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NGC3132

NGC 3132 is a striking example of a planetary nebula. This expanding cloud of gas, surrounding a dying star, is known to amateur astronomers in the southern hemisphere as the "Eight-Burst" or the "Southern Ring" Nebula. This image was created from the raw data downloaded from the James Webb Space Telescope archive. There is over 4Gb of data in this image spread across the 4 infra-red wavebands that JWST captures on it's NIRCAM instrument. I have merged these 4 different bands into the 3 Red/Green/Blue visual light channels to create this image. The name "planetary nebula" refers only to the round shape that many of these objects show when examined through a small visual telescope. In reality, these nebulae have little or nothing to do with planets, but are instead huge shells of gas ejected by stars as they near the ends of their lifetimes. NGC 3132 is nearly half a light year in diameter, and at a distance of about 2000 light years is one of the nearer known planetary nebulae. The gases are expanding away from the central star at a speed of 9 miles per second. Image produced from raw data downloaded from MAST: the Barbara A. Mikulski Archive for Space Telescopes Original image by ESA/Hubble, alignment, integration and colour mapping by Arc Fortnight.

Image dimensions: 4896 x 4894 pixels

NGC3132

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NGC3132

NGC 3132 is a striking example of a planetary nebula. This expanding cloud of gas, surrounding a dying star, is known to amateur astronomers in the southern hemisphere as the "Eight-Burst" or the "Southern Ring" Nebula. This image was created from the raw data downloaded from the James Webb Space Telescope archive. There is over 4Gb of data in this image spread across the 4 infra-red wavebands that JWST captures on it's NIRCAM instrument. I have merged these 4 different bands into the 3 Red/Green/Blue visual light channels to create this image. The name "planetary nebula" refers only to the round shape that many of these objects show when examined through a small visual telescope. In reality, these nebulae have little or nothing to do with planets, but are instead huge shells of gas ejected by stars as they near the ends of their lifetimes. NGC 3132 is nearly half a light year in diameter, and at a distance of about 2000 light years is one of the nearer known planetary nebulae. The gases are expanding away from the central star at a speed of 9 miles per second. Image produced from raw data downloaded from MAST: the Barbara A. Mikulski Archive for Space Telescopes Original image by ESA/Hubble, alignment, integration and colour mapping by Arc Fortnight.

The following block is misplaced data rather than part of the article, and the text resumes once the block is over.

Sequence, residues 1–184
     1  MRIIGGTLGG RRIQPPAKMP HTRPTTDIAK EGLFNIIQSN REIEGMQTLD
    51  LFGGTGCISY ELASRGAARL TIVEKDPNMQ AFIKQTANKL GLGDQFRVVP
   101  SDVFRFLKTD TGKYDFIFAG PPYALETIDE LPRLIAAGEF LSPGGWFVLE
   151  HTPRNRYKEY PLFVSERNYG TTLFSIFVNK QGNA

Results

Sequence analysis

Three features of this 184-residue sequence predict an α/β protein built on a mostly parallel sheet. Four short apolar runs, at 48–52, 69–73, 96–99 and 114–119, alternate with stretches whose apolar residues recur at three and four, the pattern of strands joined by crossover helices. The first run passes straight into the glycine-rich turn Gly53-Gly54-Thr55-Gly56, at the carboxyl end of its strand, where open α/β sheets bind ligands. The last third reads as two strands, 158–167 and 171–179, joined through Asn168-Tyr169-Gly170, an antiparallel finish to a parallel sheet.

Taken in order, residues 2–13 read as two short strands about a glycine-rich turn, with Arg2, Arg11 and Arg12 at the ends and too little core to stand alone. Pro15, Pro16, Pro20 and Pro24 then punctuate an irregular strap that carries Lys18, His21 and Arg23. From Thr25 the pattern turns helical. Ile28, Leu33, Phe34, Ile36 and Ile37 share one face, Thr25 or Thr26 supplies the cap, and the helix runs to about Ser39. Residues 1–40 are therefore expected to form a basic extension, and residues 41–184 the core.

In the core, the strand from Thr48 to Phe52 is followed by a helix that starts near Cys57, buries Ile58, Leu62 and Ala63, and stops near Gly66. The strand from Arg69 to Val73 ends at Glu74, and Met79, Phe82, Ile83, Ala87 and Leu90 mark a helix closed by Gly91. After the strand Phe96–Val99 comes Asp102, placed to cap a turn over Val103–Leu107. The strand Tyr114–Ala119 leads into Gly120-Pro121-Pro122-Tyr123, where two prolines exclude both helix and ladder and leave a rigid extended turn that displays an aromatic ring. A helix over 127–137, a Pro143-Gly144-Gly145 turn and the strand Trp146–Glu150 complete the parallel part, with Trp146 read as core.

Image dimensions: 4896 x 4894 pixels

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